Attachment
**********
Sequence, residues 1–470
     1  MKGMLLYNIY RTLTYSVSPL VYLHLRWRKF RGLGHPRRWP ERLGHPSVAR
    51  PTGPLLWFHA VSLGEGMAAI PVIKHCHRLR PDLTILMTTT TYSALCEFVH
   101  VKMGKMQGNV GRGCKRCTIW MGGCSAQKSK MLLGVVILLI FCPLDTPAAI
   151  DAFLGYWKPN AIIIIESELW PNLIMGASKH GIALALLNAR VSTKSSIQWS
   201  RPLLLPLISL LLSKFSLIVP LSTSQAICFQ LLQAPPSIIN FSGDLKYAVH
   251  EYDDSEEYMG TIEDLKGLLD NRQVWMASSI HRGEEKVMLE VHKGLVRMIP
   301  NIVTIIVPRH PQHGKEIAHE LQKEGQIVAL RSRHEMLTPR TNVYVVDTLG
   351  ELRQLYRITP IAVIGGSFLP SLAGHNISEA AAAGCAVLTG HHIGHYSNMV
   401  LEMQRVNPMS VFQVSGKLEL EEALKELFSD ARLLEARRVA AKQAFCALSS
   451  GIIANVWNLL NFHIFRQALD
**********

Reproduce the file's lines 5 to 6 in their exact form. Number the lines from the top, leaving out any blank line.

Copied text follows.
   151  DAFLGYWKPN AIIIIESELW PNLIMGASKH GIALALLNAR VSTKSSIQWS
   201  RPLLLPLISL LLSKFSLIVP LSTSQAICFQ LLQAPPSIIN FSGDLKYAVH